One of the highlighted features of the project is the Dual-Purpose Filtration system, which is the largest disk filtration system in the world, per JCW. 

“This filtration system acts as a final polishing filtration system during normal flows, but also serves as a wet weather auxiliary treatment system during major storm events,” said JCW Managing Treatment Engineer Alex Szerwinski. “This allows us to treat the higher wet weather flows on site instead of pumping them to a storage facility that would have been large, costly and disruptive to the community.” 

Via partnerships with its designers, the EPA and KDHE, JCW was able to permit this filter system and avoid the cost of roughly $200 million dollars for storage. 

Trickling filter rock and concrete from the original facility were reused for site navigation during wet conditions.

JCW puts an emphasis on sustainability in its projects. Aside from the reduction of nitrogen and phosphorus in its treated water, the Tomahawk WWTF development team also reused trickling filter rock and concrete from the original facility to aid in site navigation during wet construction conditions.

“Being an environmentally focused organization, efficiently using resources is a big part of what we do,” said Szerwinski.

The project was substantially completed in March 2022, about seven years from the initial project definition. Since then, the Tomahawk Creek WWTF project has received numerous honors.

In particular, the concrete work on the project was awarded the 2020 Judges Award by the American Concrete Institute and the 2020 Excellence in Concrete Award for Wastewater from the Concrete Promotional Group.

JCW was also included in the Mid-America Regional Council’s 2022 Resilient Success Stories. The organization was honored for the beneficial impact of the Tomahawk Creek WWTF’s sidestream treatment process, which helps decrease energy consumption to help the facility meet environmental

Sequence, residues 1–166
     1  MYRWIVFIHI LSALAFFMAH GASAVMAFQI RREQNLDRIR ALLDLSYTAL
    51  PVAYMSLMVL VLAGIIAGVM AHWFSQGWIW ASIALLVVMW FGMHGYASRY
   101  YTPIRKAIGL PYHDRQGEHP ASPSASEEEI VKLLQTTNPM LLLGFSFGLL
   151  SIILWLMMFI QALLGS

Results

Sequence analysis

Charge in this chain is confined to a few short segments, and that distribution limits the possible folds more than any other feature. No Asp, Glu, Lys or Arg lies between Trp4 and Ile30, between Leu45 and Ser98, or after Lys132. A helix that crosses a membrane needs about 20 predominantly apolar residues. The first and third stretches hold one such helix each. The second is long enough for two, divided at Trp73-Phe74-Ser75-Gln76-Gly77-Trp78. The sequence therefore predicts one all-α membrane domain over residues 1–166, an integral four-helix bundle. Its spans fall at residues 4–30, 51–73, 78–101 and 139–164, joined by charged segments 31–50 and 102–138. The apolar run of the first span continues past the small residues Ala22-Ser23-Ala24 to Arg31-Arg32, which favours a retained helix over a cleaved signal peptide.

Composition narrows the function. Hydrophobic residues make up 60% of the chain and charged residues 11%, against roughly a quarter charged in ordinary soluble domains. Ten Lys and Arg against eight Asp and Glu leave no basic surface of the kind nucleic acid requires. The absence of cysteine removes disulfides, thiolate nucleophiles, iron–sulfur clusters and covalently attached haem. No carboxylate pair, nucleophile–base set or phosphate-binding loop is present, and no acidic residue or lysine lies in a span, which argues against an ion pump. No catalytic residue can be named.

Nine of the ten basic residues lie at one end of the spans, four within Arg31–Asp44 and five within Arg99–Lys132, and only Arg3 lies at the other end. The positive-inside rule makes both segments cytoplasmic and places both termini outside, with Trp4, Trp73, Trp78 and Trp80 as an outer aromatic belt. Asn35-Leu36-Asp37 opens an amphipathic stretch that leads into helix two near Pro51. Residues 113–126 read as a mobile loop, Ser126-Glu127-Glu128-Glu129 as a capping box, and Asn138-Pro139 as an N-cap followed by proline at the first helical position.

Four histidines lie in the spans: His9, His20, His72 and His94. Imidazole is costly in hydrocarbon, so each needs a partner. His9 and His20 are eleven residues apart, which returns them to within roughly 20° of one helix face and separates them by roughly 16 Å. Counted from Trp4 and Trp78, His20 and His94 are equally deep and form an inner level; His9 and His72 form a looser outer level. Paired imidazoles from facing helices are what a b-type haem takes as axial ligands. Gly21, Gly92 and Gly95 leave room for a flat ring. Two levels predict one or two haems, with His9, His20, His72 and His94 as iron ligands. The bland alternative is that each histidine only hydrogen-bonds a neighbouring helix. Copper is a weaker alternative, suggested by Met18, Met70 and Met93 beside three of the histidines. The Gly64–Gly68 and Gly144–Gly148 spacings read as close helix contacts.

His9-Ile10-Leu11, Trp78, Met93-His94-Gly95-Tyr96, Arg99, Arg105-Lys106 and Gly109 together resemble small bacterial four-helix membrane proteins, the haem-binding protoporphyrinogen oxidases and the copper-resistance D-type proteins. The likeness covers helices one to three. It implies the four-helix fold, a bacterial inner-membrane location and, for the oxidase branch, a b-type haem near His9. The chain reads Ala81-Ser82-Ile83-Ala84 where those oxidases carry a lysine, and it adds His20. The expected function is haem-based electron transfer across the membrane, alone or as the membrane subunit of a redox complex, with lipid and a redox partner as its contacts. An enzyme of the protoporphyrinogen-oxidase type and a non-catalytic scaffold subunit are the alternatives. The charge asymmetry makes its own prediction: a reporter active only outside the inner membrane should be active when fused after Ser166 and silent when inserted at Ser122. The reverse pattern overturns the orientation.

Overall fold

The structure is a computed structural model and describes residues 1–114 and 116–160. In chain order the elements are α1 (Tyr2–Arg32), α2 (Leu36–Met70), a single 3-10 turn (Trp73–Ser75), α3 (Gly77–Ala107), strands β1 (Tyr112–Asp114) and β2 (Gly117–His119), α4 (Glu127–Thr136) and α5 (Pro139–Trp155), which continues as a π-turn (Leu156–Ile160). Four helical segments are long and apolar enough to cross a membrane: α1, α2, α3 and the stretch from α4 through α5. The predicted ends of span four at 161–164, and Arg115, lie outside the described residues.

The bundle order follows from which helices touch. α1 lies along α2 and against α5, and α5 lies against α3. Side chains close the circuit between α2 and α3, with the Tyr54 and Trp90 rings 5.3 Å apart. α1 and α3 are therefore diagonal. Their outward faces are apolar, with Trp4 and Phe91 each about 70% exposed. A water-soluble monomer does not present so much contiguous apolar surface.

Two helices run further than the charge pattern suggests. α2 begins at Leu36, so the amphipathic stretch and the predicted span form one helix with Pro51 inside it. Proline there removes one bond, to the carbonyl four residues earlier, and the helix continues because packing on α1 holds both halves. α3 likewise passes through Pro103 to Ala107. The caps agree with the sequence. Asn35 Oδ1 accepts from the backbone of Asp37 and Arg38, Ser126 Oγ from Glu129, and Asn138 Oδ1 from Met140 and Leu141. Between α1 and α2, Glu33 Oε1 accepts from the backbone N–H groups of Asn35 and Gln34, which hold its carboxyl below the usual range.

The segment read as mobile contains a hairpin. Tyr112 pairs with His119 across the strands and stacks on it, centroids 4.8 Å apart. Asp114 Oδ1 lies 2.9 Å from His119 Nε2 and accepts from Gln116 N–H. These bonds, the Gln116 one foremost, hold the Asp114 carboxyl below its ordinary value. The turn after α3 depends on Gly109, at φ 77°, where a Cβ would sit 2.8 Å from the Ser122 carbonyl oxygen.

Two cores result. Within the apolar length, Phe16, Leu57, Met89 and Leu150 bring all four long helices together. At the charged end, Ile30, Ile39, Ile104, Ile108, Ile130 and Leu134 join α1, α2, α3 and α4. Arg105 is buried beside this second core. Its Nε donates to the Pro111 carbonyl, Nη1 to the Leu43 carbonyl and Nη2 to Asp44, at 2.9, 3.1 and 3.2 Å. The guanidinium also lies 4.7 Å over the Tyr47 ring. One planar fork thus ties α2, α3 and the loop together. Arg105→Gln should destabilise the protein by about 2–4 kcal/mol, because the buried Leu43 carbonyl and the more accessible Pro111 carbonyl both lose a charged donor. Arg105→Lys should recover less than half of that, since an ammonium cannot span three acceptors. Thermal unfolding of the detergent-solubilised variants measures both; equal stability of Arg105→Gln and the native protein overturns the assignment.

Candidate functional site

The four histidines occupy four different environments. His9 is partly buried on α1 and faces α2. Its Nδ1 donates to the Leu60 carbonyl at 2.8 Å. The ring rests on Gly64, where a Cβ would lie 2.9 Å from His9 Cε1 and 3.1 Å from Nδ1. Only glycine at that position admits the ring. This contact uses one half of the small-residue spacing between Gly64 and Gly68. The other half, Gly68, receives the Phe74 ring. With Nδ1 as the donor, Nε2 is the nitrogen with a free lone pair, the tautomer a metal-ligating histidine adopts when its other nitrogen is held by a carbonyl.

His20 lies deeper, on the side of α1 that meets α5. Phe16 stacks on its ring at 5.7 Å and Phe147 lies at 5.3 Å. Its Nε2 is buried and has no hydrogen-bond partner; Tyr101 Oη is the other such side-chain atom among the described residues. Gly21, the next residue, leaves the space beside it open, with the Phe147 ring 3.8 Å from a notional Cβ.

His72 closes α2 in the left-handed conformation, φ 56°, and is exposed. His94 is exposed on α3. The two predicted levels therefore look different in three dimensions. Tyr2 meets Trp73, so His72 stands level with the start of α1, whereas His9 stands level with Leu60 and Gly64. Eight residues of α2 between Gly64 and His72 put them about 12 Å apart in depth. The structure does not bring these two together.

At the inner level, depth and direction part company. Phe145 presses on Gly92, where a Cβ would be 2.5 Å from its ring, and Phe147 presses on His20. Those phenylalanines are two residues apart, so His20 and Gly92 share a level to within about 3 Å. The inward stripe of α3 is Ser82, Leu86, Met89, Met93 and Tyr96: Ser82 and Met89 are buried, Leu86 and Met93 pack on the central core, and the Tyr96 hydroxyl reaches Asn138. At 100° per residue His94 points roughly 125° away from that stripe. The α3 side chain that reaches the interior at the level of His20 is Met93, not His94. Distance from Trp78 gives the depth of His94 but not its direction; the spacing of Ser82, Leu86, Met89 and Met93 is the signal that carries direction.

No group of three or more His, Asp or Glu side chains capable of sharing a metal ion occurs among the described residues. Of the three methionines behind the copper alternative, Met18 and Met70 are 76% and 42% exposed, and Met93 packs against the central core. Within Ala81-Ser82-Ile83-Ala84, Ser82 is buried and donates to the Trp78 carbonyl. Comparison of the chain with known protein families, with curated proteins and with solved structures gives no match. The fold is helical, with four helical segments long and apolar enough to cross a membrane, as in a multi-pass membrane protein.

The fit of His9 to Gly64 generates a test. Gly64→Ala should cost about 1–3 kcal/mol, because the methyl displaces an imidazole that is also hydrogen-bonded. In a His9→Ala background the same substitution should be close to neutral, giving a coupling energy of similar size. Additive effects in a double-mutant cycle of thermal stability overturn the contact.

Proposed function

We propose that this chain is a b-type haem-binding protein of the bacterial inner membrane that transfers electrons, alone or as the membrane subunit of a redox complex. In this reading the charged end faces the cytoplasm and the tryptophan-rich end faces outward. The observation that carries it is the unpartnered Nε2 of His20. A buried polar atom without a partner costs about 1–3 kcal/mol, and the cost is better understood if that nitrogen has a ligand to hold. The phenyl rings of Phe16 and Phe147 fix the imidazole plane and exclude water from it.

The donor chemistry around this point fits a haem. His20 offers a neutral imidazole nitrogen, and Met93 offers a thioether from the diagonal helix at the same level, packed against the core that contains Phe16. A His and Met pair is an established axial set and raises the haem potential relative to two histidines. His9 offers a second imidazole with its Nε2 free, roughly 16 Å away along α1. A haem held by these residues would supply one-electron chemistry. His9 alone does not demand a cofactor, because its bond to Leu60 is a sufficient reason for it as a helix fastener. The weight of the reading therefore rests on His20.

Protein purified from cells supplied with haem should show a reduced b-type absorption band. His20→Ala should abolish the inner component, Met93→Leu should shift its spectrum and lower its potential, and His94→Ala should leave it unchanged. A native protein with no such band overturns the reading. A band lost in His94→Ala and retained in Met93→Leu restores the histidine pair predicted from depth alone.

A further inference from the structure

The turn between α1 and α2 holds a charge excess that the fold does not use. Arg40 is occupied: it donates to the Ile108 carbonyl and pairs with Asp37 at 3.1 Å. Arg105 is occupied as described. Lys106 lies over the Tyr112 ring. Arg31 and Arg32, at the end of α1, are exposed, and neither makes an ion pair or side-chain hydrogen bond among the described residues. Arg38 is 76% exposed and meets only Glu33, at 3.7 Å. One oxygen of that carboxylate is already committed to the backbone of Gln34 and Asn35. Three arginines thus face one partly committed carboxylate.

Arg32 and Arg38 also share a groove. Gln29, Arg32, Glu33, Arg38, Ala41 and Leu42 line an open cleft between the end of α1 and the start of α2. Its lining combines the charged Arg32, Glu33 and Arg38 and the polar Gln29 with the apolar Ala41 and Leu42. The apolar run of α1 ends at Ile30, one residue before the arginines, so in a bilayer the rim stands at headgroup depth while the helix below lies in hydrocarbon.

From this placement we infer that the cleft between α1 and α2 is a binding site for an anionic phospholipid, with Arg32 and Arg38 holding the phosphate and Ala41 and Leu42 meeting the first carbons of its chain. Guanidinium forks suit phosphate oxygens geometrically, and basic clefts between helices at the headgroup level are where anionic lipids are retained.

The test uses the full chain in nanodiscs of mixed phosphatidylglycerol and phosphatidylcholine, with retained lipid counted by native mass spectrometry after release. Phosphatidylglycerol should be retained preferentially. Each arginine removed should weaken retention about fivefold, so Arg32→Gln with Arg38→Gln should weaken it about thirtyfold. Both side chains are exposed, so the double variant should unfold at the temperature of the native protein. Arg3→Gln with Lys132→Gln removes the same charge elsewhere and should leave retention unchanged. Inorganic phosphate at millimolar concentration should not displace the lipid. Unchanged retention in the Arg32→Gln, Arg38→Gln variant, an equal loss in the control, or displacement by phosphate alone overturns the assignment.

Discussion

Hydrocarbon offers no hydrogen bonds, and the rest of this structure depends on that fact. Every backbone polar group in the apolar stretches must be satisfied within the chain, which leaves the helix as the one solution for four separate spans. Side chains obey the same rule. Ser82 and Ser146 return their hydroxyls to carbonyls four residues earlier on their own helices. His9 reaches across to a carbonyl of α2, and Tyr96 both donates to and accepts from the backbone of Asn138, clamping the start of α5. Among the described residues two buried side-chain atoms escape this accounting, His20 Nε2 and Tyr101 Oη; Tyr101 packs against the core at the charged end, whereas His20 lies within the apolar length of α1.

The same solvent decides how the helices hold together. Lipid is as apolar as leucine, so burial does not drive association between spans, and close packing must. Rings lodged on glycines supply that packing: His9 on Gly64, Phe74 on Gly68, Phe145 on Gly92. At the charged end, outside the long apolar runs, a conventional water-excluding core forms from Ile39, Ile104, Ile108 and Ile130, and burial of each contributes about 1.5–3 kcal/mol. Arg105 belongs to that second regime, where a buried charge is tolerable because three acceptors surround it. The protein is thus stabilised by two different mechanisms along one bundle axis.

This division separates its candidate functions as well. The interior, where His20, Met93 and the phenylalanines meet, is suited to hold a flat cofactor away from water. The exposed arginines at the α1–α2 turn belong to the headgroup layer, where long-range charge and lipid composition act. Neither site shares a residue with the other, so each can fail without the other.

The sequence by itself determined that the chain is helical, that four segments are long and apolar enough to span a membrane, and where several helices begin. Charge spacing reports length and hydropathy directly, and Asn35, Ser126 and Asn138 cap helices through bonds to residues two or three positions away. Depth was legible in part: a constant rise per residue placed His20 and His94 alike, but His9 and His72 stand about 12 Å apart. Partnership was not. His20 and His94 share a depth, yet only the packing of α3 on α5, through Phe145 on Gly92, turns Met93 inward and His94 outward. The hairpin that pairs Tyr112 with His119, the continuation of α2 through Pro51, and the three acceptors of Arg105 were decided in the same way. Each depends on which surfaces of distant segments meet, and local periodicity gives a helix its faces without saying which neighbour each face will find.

Johnson County Wastewater, Black & Veatch, HDR and McCarthy Building Companies worked together on the project.

requirements and reduce costs.

This year, the project was selected as one of the Capstone Award winners from the Kansas City Business Journal and the Grand Prize for Design in the American Academy of Environmental Engineers E3S (Excellence in Environmental Engineering and Science) Awards.

“The successful completion of this project started with the vision and planning of JCW’s leadership team with support from the Board of County Commissioners who understood this vital community need,” said Szerwinski. “These projects do not happen overnight. It took thousands of people from different backgrounds in operations, engineering and construction over the course of multiple years to see this project through from concept to reality.”

Brian Alvarado is senior editor at large for American Infrastructure.